The Vintage Soule and Farm Bureau Financial Services are the first new businesses to have moved into the "Wall Mall," located at 115 6th Ave., the corner of Wall's Main Street. The large building had sat empty for several years. It is now under new ownership and experiencing growth.
The Vintage Soule is a salon and boutique with tanning and massage services. The store features several unique pieces of furniture, home decor, jewelry, purses and clothing. The Vintage Soule celebrated their official grand opening in April. Their hours are Tuesday through Friday, 10 am - 6 pm, and Saturday, 10 am - 3 pm.
The new unionized employees won't experience dramatic changes in work hours or pay, the Custer mayor said. Most changes would come in strengthening employee rights in terms of discipline and firing along with the accrual of sick time and vacation pay.
Not all employees of the city's public works department belong to the union, which requires members to pay dues.
Read more about Employment on the Black Hills Knowledge Network.
The Pennington County Sheriff's Office Garden Project, a program now in its fourth year, helps inmates physically and mentally by allowing them to garden, Rapid City Journal reports. By allowing inmates the opportunity to participate in the community gardening project, they are taught valuable work skills and are able to create a sense of community for themselves. According to Gretchen Sitzes, the program officer, they are given a coping skill as well as a fun and productive hobby.
For more news on work and economy, please visit the Black Hills Knowledge Network's online news archive.
After a series of standing room only hearings on a conditional use permit requested by Mountain View Ranches LLC, the county commission moved the final hearing to a private hotel meeting room with more space. On June 9, the commission voted 3-2 to grant the permit after 43 conditions and restrictions were put in place to govern things such as dust, road configuration and cultural resources surveys.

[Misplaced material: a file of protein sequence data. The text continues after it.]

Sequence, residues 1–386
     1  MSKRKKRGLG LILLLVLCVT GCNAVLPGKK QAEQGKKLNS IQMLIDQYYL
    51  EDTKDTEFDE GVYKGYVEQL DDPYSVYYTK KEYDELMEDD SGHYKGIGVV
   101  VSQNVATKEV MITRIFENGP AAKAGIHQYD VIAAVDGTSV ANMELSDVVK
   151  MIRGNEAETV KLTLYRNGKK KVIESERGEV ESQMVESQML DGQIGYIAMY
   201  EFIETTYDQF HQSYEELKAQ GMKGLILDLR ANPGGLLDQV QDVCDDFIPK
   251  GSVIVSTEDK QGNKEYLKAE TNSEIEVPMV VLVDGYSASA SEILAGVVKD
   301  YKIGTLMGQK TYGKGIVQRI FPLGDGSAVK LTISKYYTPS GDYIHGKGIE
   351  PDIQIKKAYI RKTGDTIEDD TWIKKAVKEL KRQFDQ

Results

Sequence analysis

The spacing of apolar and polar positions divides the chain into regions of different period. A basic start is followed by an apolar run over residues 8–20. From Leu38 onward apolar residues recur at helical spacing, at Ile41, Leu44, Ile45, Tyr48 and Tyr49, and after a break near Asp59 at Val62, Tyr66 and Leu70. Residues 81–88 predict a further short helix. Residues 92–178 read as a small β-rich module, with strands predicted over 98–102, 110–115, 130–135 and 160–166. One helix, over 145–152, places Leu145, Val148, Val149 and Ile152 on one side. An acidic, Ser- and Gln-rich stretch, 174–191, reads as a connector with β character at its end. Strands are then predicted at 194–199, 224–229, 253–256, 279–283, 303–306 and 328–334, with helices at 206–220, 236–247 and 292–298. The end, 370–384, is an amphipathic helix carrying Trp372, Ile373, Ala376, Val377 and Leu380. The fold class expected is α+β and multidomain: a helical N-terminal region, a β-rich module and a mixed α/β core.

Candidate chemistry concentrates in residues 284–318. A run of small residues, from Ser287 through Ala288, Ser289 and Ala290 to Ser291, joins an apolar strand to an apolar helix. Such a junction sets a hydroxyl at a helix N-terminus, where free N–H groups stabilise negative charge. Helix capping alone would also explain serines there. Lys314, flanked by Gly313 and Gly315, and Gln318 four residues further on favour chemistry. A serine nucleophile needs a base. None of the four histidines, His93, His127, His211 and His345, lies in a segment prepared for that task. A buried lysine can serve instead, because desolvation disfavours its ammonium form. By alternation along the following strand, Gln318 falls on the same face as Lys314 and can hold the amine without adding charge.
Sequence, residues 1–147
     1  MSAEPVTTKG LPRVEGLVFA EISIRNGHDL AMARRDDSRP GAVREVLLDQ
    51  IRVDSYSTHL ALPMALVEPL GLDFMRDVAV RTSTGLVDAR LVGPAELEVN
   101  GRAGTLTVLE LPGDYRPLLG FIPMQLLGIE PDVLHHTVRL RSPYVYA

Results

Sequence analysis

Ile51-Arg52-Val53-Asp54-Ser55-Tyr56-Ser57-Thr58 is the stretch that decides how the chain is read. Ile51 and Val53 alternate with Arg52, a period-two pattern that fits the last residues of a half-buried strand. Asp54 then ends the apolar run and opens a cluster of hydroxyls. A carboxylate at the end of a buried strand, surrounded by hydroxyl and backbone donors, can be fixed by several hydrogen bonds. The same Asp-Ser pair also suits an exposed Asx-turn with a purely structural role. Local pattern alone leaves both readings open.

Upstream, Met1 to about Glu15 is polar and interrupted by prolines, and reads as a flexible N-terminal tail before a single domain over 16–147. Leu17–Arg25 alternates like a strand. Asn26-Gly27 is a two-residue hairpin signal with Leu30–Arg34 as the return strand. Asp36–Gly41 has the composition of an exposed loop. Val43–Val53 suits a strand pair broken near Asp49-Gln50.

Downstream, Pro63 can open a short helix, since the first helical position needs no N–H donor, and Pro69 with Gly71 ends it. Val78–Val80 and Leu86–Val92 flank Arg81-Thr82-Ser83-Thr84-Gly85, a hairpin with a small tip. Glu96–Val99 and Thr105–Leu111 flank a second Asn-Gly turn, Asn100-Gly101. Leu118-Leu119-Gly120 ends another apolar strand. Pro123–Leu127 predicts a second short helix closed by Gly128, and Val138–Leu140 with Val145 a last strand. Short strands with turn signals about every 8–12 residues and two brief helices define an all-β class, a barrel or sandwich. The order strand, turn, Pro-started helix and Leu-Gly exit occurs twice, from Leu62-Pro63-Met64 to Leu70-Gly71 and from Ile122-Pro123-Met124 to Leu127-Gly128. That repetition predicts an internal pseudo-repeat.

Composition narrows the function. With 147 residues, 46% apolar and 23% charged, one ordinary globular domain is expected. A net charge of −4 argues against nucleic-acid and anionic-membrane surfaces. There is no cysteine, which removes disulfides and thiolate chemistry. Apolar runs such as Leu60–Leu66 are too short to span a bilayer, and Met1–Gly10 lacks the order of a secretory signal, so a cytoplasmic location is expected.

Nonetheless, opponents vowed to gather the 830 or so signatures needed to put the permit question before voters.
The quarry would be located off of historic Crook City Road in Centennial Valley.
Read more about Lawrence County on the Black Hills Knowledge Network.
A mobile "InfoWagon" and historic images wrapped around utility boxes are coming to downtown Deadwood during the height of the 2016 tourist season, reports the Black Hills Pioneer.
An antique farm wagon equipped to serve as an information booth furnished by Hanson Wheel & Wagon of Letcher will move to various locations along Main Street between noon and 8 p.m. Mondays through Saturdays. The wagon will be staffed by people in period clothing and bear interpretive panels with information about the trails that once led people into Deadwood.
In addition, green utility boxes on downtown streets will be wrapped in plastic with images from historic photographs taken in the approximate location of the boxes. Deadwood's city office of historic preservation will choose the photos to be used and the boxes that will be wrapped.
Read more about Deadwood on the Black Hills Knowledge Network.
The economy in West River South Dakota is being affected by depressed grain and energy prices. Hear about how major layoffs in the coal fields of eastern Wyoming, declining oil production in North Dakota and and plummeting farm incomes in eastern South Dakota will ripple through the Black Hills region from economist Jacob Mortenson.
Mortenson, a consulting economist with the Black Hills Knowledge Network and South Dakota Dashboard, will speak at noon, Monday, June 27, at the South Dakota School of Mines & Technology's King Hall in Rapid City. Tickets are $25. You can register online.
Mortenson, a native of Fort Pierre, has worked for a non-partisan agency in the U.S. Congress forecasting federal income tax revenue. His research, primarily on tax policy, has appeared in academic journals, as part of the Federal Reserve Board's working paper series, and has been featured by the Wall Street Journal. He lives in Sioux Falls.